Colonel Hieu’s Operational Concept for LZ X-Ray

As soon as Colonel Hieu learns on Nov 13 that B3 Field Front starts staging its three regiments for the movement to attack Pleime camp, he notifies General DePuy to set the TOT for 11151600H.

Now he needs to have the three regiments stay immobile at their staging spots until that TOT time. To achieve that, he needs to distract them from going out toward Pleime camp and refocus their attention toward a new threat.

They have to perceive the new threat is serious enough as not to ignore it. At the same token the new threat should not be perceived as a great punch that would make them scattered into hiding again.

The arrival of an Air Cav battalion is just about right. A company-sized force would be too small as a threat; they would just ignore it and carry on moving out of the staging areas, which will be emptied in a couple of hours.

B3 Field Front Saw Only One Air Cav Battalion

So, the Air Cav announces its arrival with a 20-minute artillery prep fire, followed by a “large, majestic armada of sixteen ships” (Coleman, page 213), with the battalion commander on the lead helicopter, instead of the recon platoon.

Air Cav succeeds in attracting B3 Field Front's attention. By 1120H, B3 Field Front sent a message to Air Cav through a so-called “prisoner” captured: “don’t you dare attack us; we are three battalions strong and anxious to kill you”. (Coleman, page 210)

By 12:10H, B3 Field Front understands the signals giving out by Air Cav: we are coming to attack you, alright, but not immediately (we left our recon platoon behind).

By this time, the bulk of 1/7 Cav has closed in: Company B, Company C, Company D, and the bulk of Company A.

The distraction sought is achieved: B3 Field Front decides to postpone the attack of Pleime camp and intends to get rid of the small nuisance with two battalions while the bulk of its forces remain immobile at staging locations. It thinks it can do that in no time and resume the movement to attack:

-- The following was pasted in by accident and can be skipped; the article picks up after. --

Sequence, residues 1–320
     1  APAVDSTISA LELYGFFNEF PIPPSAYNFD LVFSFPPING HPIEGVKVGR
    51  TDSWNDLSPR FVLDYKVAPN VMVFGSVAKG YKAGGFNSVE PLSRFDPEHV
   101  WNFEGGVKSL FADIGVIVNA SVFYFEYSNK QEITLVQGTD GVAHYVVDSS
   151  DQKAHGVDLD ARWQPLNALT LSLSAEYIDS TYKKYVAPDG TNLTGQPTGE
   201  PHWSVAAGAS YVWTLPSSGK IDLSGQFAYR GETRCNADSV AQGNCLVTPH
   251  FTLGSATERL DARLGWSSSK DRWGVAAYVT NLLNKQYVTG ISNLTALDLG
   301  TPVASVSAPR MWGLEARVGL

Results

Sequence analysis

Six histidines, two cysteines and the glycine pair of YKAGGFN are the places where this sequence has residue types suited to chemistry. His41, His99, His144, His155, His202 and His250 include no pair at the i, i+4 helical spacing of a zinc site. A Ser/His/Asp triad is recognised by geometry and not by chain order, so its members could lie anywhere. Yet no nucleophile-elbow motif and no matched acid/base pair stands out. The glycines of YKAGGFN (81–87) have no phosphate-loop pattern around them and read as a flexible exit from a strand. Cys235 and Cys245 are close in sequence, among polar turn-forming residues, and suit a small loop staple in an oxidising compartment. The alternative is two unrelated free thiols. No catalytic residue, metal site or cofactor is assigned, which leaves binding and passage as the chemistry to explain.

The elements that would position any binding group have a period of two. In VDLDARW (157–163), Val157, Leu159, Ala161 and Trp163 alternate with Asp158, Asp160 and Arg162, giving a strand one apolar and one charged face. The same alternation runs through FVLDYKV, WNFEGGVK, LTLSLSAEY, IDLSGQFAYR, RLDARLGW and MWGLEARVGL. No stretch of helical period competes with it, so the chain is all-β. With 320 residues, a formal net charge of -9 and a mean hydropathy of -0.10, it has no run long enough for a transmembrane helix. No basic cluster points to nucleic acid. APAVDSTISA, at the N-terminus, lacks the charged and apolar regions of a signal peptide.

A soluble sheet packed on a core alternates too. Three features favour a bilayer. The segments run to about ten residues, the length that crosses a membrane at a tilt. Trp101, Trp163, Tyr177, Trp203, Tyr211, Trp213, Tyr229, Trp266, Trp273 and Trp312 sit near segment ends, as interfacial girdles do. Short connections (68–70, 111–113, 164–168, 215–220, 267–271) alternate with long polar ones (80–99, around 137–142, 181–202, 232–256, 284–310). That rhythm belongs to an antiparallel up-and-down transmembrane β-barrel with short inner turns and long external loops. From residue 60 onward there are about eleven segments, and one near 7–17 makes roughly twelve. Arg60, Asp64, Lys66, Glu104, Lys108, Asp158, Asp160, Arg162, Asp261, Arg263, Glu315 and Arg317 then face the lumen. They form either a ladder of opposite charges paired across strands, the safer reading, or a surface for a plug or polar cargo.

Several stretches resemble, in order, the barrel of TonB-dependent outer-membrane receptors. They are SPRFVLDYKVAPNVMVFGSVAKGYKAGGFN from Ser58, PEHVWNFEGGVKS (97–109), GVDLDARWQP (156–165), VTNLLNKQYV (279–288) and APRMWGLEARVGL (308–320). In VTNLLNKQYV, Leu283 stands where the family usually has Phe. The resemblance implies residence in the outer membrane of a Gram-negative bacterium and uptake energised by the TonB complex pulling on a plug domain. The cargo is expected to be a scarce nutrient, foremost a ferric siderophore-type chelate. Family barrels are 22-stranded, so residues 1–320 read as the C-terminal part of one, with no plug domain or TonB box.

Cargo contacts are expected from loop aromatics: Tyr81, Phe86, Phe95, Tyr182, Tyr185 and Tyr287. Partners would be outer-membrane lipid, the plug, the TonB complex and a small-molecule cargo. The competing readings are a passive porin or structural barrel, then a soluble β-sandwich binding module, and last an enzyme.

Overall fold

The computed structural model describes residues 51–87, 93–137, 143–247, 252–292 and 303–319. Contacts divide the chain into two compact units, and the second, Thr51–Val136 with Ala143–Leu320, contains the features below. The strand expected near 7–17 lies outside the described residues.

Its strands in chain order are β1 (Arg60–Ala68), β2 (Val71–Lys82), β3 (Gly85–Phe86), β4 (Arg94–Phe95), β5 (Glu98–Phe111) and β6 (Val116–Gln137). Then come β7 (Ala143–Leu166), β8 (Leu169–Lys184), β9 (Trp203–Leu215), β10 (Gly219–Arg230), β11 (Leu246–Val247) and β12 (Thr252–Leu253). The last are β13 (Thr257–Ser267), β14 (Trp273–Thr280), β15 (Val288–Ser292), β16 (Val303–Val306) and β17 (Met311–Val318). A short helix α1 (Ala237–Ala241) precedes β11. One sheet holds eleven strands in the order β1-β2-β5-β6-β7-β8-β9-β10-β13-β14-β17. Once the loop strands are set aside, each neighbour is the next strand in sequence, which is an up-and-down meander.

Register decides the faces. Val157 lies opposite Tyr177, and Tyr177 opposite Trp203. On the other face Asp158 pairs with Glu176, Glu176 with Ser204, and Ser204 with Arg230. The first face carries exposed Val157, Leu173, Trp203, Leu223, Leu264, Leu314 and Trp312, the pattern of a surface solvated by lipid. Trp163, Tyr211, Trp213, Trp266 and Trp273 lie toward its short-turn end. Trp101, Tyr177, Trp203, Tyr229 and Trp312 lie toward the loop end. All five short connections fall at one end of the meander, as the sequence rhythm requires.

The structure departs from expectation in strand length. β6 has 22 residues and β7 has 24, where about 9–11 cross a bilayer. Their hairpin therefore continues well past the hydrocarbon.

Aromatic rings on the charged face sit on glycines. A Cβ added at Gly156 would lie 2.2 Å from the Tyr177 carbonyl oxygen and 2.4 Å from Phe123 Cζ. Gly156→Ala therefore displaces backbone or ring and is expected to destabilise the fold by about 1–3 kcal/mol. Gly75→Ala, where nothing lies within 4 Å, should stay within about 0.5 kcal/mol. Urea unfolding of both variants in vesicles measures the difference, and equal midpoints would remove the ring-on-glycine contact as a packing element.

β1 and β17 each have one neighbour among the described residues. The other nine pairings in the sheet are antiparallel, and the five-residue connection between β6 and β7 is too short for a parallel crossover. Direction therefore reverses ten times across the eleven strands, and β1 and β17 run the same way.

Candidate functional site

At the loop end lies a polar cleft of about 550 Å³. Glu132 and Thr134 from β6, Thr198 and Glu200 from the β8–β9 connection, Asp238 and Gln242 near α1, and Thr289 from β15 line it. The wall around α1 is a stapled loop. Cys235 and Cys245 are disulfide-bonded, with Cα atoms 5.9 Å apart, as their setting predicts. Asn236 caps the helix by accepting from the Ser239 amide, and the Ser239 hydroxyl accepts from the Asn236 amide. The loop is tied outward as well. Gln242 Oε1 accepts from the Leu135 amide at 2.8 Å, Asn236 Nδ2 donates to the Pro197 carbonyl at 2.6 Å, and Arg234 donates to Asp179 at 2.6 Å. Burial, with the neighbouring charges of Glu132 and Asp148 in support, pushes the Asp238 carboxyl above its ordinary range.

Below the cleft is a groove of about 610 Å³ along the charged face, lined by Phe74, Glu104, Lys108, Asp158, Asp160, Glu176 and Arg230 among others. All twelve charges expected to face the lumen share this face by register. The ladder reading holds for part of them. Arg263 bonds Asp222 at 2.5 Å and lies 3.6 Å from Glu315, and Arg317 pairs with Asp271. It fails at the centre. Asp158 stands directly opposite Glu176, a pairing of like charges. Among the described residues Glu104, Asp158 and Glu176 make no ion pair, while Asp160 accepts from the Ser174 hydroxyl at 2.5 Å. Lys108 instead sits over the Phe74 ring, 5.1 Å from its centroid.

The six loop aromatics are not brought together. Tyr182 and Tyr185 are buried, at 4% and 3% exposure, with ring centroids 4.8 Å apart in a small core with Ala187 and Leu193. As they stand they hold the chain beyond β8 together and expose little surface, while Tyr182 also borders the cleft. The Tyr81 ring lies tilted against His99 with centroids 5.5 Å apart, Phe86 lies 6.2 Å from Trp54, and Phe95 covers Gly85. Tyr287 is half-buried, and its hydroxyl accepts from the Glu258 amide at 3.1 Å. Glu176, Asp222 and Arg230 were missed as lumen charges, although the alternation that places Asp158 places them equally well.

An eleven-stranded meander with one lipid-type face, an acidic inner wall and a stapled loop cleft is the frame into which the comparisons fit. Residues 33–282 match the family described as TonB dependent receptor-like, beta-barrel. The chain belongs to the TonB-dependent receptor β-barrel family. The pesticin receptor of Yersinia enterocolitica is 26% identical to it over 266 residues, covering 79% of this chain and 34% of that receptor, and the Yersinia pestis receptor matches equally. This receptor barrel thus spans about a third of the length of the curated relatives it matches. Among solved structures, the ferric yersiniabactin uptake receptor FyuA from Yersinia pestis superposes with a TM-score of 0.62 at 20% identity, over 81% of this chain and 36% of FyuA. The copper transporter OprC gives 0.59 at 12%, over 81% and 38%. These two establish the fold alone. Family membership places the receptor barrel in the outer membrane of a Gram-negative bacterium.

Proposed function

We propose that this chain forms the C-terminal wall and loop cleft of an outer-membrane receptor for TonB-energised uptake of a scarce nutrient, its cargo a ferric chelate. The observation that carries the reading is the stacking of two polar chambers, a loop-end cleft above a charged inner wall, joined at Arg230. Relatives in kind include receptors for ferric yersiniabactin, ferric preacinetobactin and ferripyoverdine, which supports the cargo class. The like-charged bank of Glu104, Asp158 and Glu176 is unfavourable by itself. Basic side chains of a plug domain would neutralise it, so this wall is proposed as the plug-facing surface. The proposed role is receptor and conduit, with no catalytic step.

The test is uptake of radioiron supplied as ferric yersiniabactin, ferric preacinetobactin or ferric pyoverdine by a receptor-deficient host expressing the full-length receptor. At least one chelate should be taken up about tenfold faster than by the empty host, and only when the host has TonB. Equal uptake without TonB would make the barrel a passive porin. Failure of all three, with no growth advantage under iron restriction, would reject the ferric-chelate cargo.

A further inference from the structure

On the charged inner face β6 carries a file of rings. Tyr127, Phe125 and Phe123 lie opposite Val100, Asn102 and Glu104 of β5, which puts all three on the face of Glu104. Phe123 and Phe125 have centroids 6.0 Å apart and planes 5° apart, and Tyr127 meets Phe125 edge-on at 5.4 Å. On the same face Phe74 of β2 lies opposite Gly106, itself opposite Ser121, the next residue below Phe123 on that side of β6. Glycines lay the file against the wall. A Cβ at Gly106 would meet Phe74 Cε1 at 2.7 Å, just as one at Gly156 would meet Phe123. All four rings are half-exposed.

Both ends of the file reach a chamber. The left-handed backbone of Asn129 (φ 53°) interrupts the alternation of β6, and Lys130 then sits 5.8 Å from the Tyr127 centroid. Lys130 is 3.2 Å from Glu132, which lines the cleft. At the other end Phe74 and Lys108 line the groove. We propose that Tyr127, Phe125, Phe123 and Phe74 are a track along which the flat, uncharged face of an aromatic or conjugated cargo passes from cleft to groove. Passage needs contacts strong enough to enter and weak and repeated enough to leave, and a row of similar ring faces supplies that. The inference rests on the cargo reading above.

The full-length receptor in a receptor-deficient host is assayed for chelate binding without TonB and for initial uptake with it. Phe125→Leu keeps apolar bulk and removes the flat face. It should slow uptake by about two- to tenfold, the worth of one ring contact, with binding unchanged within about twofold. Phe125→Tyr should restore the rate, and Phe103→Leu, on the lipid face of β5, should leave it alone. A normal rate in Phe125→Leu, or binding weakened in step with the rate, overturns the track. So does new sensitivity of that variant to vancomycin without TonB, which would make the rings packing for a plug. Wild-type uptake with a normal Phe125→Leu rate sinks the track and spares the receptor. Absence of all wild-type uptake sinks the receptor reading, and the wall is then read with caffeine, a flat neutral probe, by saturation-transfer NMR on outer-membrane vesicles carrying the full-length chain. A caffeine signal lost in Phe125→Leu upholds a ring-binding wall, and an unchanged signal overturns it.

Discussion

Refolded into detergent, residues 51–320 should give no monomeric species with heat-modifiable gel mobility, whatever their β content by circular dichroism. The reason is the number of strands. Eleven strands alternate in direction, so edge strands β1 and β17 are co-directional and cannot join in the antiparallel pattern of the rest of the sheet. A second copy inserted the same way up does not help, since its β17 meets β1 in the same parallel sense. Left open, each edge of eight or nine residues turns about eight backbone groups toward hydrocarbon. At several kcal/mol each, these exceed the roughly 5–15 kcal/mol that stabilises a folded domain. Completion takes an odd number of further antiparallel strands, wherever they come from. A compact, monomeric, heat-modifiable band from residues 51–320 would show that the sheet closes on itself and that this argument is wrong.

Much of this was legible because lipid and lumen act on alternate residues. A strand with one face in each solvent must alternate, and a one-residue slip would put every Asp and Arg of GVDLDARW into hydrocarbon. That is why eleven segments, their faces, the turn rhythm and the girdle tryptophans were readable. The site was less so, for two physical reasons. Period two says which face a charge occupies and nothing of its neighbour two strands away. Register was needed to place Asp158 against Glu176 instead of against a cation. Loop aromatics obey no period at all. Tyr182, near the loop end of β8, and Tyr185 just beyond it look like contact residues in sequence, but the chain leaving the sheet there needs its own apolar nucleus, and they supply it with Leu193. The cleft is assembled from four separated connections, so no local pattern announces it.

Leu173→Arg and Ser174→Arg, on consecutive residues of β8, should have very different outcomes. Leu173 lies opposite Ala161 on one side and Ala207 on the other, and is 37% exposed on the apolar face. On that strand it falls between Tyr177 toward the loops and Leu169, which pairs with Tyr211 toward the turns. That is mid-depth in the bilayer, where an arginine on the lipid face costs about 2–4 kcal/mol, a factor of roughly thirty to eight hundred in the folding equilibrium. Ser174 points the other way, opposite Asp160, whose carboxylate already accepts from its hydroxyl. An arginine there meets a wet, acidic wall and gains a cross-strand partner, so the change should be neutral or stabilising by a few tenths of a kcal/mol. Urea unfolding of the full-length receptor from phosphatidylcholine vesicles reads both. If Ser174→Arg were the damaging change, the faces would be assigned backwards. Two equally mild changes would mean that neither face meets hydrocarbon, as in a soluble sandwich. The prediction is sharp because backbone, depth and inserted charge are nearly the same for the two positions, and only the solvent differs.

they were too confident that their attack would disorganize the 1/7 battalion very quickly. (Why Pleime, chapter V)

As B3 Field Front decides to attack 1/7 Cav with two battalions, the remainder of 1/7 Air Cav is rushed in at 1500H, and 2/7 Cav and 2/5 Cav are put on alert as reaction forces. B 2/7 Cav closes in at 1800H.

At 1850H, while inspecting the X-Ray battlefield, General Larsen broke to General Kinnard the news of an Arclife strike scheduled for tomorrow at 1600H:

18:50H: 1st Air Cav Div (Lt Col Buham) Gen Kinnard discussed with Gen Larsen the possibility of having a B-52 strike in the Long Reach area “X” Gen Larsen was in favor of this. (G3 Journal/IFFV).

Later on that night, General Kinnard questions General Knowles about this. General Knowles lies to him in not revealing it is Colonel Hieu’s operational concept:

The original plan to employ strategic bombers in support of the division was presented by the Assistant Division Commander (ADC-A) through Field Force Vietnam Commanding General to the J-3 of US Military Assistance Command, Vietnam. (Pleiku Campaign, page 9)

B3 Field Front Saw Only Two Air Cav Battalions

Since B3 Field Front only commits one to two battalions, Colonel Hieu advises General Knowles not to commit more than two battalions, so that B3 Field Front would not rush in more troops in reactive response and the targets for Arclite strike would evaporate in smokes.